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The Darkness of God: Theology After Hiroshima

by Jim Garrison

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Why is it that after several thousand million years of evolving life on the planet earth, our species- in our generation - has brought this life to the verge of extinction through thermonuclear war? This, Jim Garrison argues, is the single greatest question of our age. The dangers need no emphasizing, and have already been starkly portrayed in his From Hiroshima to Harrisburg. Here the foCus shifts from scientific and political questions to the theological dimension. God, Dr Garrison argues, is in Hiroshima as he is in other saving events in history. The development symbolized by Hiroshima directs our attention beyond narrow sectional interest to the source of life which creates and sustains us all. God is at work even in the atom bomb, calling us to a transformation of consciousness and understanding. Hiroshima confronts us as never before with the demand that we should take the wrath of God seriously. God is the Go,d of all possibilities. And at the same time, we have taken upon ourselves that which the traditional view left in God's hands alone: the determination of apocalyptic judgment. This means that we must internalize theologically both the terror and the salvation of the traditional Judaeo-Christian concept of apocalypse as something that will not be done to us by divine fiat alone, but as something that might well be done by us through our own decision, God working divine wrath through our arrogance. * How Hiroshima, apocalyptic, and the darkness of God at work in Christ crucified are related together form the theme of one of the most powerful pieces of theology of our time.… (more)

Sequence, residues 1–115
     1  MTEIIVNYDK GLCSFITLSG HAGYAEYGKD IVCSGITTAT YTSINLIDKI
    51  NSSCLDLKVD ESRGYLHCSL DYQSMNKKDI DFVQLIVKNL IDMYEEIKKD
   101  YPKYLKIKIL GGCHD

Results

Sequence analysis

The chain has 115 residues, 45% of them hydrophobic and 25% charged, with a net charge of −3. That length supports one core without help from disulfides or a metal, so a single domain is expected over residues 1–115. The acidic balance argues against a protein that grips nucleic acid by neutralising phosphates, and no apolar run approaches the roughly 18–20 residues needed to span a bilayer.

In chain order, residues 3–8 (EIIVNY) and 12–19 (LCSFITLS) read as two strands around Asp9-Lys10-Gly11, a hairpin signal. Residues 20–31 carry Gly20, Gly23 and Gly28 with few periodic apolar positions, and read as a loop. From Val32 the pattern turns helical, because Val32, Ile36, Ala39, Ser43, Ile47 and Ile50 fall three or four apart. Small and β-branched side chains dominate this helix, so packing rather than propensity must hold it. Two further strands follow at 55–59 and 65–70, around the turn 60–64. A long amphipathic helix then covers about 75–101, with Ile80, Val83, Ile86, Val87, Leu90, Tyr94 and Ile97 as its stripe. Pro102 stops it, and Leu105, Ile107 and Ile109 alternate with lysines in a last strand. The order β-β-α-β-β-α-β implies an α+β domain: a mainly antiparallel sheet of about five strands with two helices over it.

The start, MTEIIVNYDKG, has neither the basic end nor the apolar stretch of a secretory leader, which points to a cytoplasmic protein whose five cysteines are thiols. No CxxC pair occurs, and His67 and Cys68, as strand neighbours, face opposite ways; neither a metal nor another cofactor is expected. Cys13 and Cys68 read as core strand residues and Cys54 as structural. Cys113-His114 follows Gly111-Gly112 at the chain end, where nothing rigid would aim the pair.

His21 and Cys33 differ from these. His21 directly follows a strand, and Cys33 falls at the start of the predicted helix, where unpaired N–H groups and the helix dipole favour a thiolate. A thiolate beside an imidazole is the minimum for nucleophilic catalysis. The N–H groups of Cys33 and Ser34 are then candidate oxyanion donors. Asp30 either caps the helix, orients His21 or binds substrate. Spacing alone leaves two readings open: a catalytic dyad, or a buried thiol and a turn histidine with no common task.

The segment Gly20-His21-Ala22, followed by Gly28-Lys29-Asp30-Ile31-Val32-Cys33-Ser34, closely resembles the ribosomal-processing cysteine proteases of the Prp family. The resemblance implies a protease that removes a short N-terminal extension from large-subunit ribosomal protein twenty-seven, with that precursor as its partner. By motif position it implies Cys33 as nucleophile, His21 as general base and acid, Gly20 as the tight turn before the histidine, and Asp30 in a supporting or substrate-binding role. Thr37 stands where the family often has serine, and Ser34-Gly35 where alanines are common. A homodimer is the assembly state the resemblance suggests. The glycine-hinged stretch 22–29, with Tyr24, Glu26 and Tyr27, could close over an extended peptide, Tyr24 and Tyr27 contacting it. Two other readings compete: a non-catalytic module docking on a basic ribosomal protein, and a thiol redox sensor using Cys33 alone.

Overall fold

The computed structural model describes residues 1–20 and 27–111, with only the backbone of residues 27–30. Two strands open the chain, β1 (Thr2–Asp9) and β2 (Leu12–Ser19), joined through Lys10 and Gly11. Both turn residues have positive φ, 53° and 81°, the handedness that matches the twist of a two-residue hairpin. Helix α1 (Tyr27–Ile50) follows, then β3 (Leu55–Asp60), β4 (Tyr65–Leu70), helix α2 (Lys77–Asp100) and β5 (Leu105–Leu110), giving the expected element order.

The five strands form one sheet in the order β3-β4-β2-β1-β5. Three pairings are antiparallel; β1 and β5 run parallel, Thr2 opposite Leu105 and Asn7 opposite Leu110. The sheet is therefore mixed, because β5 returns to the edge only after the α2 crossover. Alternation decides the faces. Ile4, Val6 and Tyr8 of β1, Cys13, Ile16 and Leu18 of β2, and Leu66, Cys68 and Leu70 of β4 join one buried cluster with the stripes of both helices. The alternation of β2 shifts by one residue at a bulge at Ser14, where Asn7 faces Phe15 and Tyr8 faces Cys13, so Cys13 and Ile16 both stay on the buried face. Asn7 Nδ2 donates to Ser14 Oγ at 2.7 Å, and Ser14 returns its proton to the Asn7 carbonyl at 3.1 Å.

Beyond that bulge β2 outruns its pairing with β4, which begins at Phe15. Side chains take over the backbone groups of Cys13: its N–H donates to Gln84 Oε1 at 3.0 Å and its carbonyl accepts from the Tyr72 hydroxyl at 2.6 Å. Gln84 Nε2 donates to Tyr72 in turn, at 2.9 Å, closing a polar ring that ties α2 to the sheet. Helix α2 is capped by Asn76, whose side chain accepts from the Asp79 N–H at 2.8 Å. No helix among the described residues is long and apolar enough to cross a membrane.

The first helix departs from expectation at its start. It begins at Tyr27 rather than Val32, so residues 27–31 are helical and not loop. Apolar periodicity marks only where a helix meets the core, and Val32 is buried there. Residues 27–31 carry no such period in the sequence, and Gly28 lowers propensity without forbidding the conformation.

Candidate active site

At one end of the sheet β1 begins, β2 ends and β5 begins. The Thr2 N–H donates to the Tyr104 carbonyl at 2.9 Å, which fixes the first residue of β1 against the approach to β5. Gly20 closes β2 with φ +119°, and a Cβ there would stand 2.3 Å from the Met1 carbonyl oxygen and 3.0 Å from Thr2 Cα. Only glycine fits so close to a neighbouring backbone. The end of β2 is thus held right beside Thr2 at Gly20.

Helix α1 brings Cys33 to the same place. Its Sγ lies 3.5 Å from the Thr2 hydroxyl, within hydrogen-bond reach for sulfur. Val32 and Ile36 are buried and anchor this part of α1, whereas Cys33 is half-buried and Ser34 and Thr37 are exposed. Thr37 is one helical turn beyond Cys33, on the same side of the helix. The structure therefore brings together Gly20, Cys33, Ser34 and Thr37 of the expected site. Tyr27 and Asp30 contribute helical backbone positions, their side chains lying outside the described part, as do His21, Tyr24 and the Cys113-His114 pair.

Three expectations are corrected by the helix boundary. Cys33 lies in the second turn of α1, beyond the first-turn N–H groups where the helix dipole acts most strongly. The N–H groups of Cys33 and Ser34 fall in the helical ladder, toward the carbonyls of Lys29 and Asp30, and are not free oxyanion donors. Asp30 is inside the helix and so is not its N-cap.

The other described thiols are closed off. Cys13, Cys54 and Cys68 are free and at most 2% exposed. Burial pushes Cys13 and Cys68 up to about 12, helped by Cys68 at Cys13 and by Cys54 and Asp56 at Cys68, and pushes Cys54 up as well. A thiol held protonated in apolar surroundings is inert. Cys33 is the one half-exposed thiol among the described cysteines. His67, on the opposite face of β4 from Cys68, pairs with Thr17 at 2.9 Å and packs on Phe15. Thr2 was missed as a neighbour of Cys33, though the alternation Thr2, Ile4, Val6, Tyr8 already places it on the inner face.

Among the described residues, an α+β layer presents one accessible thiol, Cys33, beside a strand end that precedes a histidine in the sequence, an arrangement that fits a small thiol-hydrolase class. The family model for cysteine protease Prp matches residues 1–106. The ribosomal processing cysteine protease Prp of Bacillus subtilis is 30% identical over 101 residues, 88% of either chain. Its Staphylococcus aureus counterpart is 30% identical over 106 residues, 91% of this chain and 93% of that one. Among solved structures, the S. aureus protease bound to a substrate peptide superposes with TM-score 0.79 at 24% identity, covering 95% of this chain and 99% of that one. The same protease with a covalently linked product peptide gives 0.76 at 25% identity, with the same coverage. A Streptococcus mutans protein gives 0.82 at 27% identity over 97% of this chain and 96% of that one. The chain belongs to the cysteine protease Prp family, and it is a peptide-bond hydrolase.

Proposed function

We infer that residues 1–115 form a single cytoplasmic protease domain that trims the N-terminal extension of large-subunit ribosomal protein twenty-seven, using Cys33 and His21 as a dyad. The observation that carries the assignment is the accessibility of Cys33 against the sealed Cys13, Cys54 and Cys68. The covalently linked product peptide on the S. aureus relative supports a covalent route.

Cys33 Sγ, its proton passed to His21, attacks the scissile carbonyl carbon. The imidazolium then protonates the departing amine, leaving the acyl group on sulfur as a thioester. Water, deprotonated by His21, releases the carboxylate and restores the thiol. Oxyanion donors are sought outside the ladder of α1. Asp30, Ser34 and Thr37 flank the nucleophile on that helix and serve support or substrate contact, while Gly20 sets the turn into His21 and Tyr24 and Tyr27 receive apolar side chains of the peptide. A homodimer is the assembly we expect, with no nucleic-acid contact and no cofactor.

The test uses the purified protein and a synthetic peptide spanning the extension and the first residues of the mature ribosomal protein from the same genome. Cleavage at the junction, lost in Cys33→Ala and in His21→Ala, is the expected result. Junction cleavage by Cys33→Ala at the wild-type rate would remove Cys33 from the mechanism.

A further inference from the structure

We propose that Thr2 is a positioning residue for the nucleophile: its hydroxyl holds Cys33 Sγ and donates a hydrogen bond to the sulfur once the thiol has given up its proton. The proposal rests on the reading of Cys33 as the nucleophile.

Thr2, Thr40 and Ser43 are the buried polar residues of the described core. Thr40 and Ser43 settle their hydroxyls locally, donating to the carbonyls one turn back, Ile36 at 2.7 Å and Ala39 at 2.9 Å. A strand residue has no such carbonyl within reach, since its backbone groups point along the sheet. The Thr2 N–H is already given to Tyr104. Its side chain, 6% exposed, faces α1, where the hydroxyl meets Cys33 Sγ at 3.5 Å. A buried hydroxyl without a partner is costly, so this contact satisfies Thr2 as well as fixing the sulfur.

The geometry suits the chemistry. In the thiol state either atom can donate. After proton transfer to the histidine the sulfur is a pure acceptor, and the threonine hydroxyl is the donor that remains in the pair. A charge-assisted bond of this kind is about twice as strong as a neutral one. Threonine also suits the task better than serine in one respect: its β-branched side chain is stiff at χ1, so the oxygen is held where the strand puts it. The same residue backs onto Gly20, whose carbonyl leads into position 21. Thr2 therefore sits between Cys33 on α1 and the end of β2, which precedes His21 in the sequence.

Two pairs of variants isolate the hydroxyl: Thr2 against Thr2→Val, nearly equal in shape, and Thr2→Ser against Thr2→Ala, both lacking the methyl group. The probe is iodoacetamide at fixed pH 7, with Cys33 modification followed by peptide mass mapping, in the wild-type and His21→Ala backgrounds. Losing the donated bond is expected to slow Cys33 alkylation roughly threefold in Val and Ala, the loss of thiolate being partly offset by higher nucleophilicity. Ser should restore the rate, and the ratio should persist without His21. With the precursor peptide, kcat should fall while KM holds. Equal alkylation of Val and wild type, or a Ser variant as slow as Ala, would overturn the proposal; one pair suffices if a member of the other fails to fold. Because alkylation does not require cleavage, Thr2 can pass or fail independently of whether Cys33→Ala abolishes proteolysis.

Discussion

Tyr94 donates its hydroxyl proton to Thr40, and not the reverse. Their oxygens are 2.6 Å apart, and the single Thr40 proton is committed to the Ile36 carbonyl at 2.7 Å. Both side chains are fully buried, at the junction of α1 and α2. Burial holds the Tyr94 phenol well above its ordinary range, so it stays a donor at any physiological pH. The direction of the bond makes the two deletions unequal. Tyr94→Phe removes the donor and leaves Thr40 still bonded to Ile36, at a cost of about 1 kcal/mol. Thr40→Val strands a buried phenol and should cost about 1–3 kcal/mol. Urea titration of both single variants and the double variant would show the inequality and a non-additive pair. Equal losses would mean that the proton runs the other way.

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Why is it that after several thousand million years of evolving life on the planet earth, our species- in our generation - has brought this life to the verge of extinction through thermonuclear war? This, Jim Garrison argues, is the single greatest question of our age. The dangers need no emphasizing, and have already been starkly portrayed in his From Hiroshima to Harrisburg. Here the foCus shifts from scientific and political questions to the theological dimension. God, Dr Garrison argues, is in Hiroshima as he is in other saving events in history. The development symbolized by Hiroshima directs our attention beyond narrow sectional interest to the source of life which creates and sustains us all. God is at work even in the atom bomb, calling us to a transformation of consciousness and understanding. Hiroshima confronts us as never before with the demand that we should take the wrath of God seriously. God is the Go,d of all possibilities. And at the same time, we have taken upon ourselves that which the traditional view left in God's hands alone: the determination of apocalyptic judgment. This means that we must internalize theologically both the terror and the salvation of the traditional Judaeo-Christian concept of apocalypse as something that will not be done to us by divine fiat alone, but as something that might well be done by us through our own decision, God working divine wrath through our arrogance. * How Hiroshima, apocalyptic, and the darkness of God at work in Christ crucified are related together form the theme of one of the most powerful pieces of theology of our time.

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